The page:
The full scale of a Taliban attack on Camp Bastion in Afghanistan has become clear as it emerged 15 insurgents wearing US army uniforms destroyed six Harrier jets, three refuelling stations and damaged a number of aircraft hangars.
As well as the two US marines who were killed, nine coalition staff were wounded in the attack, said ISAF, the International Security Assistance Force coalition in Afghanistan.
Coalition forces killed 14 insurgents and wounded one other, who was then taken into custody.
The attack happened shortly after 10pm on Friday when Taliban fighters, organised into three groups and armed with automatic rifles, rocket-propelled grenade launchers and suicide vests, breached the camp's perimeter.
The offensive took place near an airfield on the northeast side of the base, which houses American forces in Camp Leatherneck.
"The insurgents appeared to be well equipped, trained and rehearsed," an ISAF spokesman said.
"Dressed in US army uniforms and armed with automatic rifles, rocket propelled grenade launchers and suicide vests, the insurgents attacked coalition fixed and rotary wing aircraft parked on the flight line, aircraft hangars and other buildings."
The official said the six Harrier jets destroyed were US marine aircraft and that two others were significantly damaged.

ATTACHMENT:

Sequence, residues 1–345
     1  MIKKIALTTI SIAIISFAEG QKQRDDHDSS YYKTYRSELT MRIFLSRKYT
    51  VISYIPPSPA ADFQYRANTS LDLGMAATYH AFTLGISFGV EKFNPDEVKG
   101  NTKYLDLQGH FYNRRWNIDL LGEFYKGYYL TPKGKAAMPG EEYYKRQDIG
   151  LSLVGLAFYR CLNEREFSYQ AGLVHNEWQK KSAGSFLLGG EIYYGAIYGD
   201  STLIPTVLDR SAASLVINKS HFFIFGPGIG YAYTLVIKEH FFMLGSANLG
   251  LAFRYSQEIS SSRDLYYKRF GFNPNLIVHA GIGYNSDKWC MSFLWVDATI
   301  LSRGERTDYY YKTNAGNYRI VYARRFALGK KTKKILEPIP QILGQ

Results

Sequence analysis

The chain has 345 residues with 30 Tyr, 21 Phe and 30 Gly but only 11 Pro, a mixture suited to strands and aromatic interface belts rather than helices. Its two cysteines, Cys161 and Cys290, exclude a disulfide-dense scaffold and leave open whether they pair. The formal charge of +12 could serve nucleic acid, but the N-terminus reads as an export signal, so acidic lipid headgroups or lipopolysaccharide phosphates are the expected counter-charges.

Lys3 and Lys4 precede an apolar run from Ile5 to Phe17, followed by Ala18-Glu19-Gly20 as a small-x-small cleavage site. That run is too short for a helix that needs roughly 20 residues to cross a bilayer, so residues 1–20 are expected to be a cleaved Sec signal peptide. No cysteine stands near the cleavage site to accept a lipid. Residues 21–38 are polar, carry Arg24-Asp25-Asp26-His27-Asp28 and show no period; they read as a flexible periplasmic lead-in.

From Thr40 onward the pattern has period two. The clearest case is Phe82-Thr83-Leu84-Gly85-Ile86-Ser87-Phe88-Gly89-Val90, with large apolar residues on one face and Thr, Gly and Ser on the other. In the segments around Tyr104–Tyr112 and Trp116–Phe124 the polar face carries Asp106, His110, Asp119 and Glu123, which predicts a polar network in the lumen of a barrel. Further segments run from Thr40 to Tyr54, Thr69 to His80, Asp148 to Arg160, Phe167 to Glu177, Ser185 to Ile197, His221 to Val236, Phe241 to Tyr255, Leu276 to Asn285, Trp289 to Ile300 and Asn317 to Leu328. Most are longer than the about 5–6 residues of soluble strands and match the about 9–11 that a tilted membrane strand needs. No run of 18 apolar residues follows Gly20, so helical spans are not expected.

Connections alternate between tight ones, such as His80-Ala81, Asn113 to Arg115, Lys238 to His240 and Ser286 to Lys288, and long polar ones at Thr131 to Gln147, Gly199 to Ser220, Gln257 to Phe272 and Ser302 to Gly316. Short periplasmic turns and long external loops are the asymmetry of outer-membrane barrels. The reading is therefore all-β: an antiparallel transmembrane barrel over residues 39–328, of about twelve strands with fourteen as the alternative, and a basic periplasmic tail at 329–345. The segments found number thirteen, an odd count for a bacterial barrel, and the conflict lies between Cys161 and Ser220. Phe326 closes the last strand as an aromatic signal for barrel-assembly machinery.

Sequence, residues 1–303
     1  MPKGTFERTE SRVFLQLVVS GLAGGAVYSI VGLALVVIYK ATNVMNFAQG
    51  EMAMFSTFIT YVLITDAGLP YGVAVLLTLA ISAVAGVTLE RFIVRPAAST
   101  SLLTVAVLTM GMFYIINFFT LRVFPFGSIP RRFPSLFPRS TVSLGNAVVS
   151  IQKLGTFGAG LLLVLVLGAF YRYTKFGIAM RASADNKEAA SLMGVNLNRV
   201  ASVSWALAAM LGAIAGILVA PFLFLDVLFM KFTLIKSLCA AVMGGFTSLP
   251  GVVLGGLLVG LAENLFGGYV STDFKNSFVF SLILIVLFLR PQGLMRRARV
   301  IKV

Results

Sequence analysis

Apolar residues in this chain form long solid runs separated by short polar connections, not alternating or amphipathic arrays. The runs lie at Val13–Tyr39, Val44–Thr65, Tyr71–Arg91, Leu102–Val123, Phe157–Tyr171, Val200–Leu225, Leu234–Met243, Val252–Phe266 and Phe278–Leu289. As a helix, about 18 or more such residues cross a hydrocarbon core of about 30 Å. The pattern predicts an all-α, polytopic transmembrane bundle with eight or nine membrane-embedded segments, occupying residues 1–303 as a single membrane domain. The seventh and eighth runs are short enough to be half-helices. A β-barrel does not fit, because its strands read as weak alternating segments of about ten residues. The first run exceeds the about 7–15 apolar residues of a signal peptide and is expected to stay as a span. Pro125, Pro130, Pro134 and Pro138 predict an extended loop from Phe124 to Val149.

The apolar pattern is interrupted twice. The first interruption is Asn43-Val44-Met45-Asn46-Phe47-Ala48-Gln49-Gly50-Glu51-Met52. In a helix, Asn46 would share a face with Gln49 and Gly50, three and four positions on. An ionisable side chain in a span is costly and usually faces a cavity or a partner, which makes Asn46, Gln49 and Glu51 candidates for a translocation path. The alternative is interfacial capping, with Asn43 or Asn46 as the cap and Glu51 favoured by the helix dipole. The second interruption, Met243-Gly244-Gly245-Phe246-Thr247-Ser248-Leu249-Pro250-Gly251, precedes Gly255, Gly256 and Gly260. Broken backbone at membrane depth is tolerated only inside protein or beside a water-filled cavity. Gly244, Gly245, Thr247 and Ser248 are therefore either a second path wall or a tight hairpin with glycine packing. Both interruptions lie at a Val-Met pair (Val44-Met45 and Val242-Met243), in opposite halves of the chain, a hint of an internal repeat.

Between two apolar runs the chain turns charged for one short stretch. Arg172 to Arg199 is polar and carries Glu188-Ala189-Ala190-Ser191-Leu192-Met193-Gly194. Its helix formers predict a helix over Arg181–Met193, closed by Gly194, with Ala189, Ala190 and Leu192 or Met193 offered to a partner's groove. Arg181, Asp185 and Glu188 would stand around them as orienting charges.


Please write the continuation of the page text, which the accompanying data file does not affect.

Six aircraft hangars were also damaged.
The nine personnel who were wounded included eight military and one civilian contractor, ISAF said.
None of the injuries are thought to be life-threatening.
Meanwhile, the Ministry of Defence (MoD) said two British soldiers from 3rd Battalion The Yorkshire Regiment were shot by a man wearing the local Afghan police uniform at a checkpoint in the south of Nahr-e Saraj district in Helmand province on Saturday.
The deaths follow that of a soldier from 1st Battalion Grenadier Guards who died on Friday after his vehicle hit a roadside bomb.
The Taliban has claimed responsibility for the attack on Camp Bastion, saying it was carried out because Prince Harry was on the base, and also as revenge for an anti-Islamic film.
The Prince was unharmed and defence experts said he should not be withdrawn from his military role in Afghanistan, despite the attack.
Harry, an Army captain, is based at Camp Bastion for his second tour of duty to the country, which is due to last four months.
He was about two kilometres away with other crew members of the Apache attack helicopters, of which he is a co-pilot gunner, when the attack took place, sources said.
Tory MP Colonel Bob Stewart, a former commander of British troops in Bosnia, said he did not think the Prince should be pulled out of Afghanistan because of the Taliban attack.
"To hell with them," he said. "Harry wants to go there and our soldiers want him there. He should stay."